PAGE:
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Kenya Airways to Sack Senior Pilots As Coronavirus Impacts Continue to Show
Kenya Airways, Kenya’s flag carrier, is moving to slash half of its pilot workforce. The move is in line with cost saving measures deemed necessary due to the toll the COVID-19 crisis that has taken, Business Daily reports.
Kenya Airways is looking to cut up to 207 of its 414 pilot jobs, which account for almost half of the carrier’s payroll costs over the next three years with the job cuts based on ‘revenue projections’.
“Based on our three-year projection, we will require 50 percent to 60 percent of pilots to efficiently support the reduced operations. Our target is to reduce the company’s overall total fixed costs, not just staff costs, by about 50 percent in response to our revenue projections,” said the Kenya Airways Group CEO Allan Kilavuka.
“We are reducing our network, our assets, and our people. The reduction will not be like for like, meaning that the shrinkage will not be uniform across the three areas,” Kilavuka added.
Kenya Airways has already laid off some 650 employees, mostly trainee pilots and cabin crew, technicians and other newly-hired staff on probation.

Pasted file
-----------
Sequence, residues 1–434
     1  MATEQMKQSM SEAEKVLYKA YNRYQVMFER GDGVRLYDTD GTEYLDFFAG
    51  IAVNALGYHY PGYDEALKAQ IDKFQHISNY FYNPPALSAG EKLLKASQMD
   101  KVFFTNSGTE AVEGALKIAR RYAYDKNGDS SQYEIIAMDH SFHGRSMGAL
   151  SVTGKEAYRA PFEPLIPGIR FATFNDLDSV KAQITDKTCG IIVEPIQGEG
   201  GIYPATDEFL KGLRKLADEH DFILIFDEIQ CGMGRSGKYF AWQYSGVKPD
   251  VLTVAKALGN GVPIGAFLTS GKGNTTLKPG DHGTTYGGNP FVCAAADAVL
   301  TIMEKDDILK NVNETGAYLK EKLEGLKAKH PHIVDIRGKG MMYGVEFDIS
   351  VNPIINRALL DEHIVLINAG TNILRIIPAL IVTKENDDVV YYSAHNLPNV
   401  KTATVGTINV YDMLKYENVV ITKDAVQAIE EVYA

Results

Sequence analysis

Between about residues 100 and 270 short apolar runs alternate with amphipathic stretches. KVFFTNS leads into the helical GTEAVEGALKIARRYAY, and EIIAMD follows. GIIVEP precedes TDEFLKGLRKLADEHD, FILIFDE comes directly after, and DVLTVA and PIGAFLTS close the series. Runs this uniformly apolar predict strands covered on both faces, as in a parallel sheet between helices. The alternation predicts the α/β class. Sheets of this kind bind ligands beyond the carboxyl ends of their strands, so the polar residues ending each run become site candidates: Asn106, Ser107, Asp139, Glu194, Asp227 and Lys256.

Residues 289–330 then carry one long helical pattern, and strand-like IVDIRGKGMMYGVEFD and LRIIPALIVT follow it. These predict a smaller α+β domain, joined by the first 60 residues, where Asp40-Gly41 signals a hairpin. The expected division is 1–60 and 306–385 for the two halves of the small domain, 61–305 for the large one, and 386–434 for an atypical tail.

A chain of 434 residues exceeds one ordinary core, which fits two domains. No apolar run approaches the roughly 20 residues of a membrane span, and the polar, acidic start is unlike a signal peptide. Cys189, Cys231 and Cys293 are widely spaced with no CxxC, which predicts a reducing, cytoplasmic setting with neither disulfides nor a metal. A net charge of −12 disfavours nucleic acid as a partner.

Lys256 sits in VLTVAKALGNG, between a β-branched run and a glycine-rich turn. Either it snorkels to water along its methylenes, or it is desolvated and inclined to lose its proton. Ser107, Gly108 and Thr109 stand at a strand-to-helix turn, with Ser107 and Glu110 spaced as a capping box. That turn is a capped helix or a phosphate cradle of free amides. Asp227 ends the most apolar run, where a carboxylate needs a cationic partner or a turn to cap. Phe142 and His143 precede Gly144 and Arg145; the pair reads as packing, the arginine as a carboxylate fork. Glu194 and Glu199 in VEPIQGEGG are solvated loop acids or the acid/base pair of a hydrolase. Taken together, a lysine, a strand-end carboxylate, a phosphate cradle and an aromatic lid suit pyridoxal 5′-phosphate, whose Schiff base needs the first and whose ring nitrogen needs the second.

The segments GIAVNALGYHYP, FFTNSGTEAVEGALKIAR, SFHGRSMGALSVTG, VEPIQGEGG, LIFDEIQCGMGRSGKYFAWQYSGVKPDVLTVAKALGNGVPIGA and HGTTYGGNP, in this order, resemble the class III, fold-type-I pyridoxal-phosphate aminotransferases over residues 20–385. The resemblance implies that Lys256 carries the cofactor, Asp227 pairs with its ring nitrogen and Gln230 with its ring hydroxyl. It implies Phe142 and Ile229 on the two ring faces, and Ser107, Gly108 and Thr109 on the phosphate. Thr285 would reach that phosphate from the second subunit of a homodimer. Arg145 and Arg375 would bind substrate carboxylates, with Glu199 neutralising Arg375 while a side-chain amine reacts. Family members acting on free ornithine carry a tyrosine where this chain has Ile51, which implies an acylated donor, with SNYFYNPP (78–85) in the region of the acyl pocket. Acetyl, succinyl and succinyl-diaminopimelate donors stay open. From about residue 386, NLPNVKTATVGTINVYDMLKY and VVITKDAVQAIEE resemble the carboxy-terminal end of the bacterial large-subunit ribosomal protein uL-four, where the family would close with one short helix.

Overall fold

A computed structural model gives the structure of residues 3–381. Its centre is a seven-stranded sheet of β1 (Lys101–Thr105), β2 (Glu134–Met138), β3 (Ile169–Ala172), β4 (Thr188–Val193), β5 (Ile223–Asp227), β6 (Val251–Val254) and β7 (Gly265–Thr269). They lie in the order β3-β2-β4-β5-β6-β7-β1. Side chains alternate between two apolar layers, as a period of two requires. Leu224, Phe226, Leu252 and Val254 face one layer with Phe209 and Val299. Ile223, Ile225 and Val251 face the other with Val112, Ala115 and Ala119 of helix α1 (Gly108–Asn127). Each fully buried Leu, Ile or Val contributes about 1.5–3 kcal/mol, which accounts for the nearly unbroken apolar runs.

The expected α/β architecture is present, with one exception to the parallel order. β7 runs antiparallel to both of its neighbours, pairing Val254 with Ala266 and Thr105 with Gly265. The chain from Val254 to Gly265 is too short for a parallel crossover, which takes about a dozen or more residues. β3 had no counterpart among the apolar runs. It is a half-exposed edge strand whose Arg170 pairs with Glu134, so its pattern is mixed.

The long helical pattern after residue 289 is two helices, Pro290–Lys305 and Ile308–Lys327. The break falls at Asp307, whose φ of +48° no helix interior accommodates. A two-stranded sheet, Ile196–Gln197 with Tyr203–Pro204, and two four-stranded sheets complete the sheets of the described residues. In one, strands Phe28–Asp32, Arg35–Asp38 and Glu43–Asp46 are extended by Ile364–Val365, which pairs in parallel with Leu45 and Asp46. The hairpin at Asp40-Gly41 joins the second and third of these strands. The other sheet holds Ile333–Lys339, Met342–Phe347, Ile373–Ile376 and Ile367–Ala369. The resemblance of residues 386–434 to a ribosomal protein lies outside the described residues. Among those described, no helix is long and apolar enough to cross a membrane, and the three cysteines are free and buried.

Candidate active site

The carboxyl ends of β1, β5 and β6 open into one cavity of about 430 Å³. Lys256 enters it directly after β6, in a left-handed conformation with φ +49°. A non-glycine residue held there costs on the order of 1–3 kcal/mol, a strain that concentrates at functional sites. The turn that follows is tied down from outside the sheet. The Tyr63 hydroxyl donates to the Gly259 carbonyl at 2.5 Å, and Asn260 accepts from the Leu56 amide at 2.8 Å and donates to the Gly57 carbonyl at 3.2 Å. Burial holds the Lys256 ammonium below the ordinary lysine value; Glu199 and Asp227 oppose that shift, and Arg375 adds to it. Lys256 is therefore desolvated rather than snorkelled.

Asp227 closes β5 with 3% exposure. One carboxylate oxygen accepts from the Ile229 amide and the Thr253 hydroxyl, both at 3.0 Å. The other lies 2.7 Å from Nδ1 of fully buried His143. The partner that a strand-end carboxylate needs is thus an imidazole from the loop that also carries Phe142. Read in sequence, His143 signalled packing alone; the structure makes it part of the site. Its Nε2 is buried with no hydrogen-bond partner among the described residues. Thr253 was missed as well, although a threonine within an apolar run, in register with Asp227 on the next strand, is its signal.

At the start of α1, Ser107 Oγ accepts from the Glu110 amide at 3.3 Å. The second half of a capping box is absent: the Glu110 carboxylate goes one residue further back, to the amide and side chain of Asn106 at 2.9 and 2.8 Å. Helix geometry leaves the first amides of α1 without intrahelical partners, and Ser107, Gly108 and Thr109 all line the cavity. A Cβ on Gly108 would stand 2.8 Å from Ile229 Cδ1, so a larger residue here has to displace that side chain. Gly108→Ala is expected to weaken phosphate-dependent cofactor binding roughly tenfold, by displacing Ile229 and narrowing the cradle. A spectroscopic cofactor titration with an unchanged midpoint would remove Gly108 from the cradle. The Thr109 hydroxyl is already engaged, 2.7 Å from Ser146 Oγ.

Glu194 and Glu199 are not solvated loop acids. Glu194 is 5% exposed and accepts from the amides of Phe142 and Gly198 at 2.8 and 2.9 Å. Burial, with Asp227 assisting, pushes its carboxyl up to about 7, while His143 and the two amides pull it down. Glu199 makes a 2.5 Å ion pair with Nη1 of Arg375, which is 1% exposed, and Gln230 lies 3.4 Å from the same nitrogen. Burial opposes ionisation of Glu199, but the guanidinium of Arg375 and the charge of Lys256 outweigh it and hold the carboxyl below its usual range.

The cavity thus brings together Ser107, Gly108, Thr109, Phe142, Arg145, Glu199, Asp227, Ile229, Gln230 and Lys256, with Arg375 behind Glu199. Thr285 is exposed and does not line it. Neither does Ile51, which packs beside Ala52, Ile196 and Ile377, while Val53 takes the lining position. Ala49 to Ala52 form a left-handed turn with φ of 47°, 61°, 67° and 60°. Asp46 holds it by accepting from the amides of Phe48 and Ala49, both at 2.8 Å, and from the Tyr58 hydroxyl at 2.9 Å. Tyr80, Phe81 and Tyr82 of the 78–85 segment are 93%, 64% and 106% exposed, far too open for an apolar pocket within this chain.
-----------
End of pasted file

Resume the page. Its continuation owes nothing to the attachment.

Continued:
The most recent move has caused tensions with the Kenya Airline Pilots Association (KALPA), which opposes the airline’s plan to shed jobs. But Kenya Airways says this is the right move to preserve its viability
“We need to make the right decisions today for the sustainability of the business tomorrow, hence the decision to shrink now in order to grow in future and emerge on the other side of the crisis a leaner, more efficient airline,” Kilavuka said.
Coronavirus’ Effect Across Africa
International Air Transport Association (IATA), in its latest estimates on the Impacts of COVID-19 crisis in the African region, forecasted Africa will see 3.5 million aviation-related job losses, an increase from earlier estimates.
“The economic consequences resulting from a disconnected continent are severe. Millions of jobs and livelihoods are at risk in family-run enterprises and large corporations along the entire travel and tourism value chain,” said Muhammad Al Bakri, IATA’s Regional Vice President for Africa and the Middle East.
The aviation industry’s governing body has long been advocating for more government intervention in the region to ensure a safer restart of aviation, a move they argue will minimize job losses and improve economies across the continent.
“We urge African governments and the development institutions who have committed funding to provide it urgently in a structure that does not weaken already stressed airline balance sheets, before it is too late,” said Albakri.
Kenya Airways restarted international travel on Aug. 1 and currently serves 4 domestic routes and 23 international destinations.
The airline announced earlier it will resume its Guangzhou route via Bangkok starting Oct. 25 in a ‘normal daily service’ using its Boeing 787-8.
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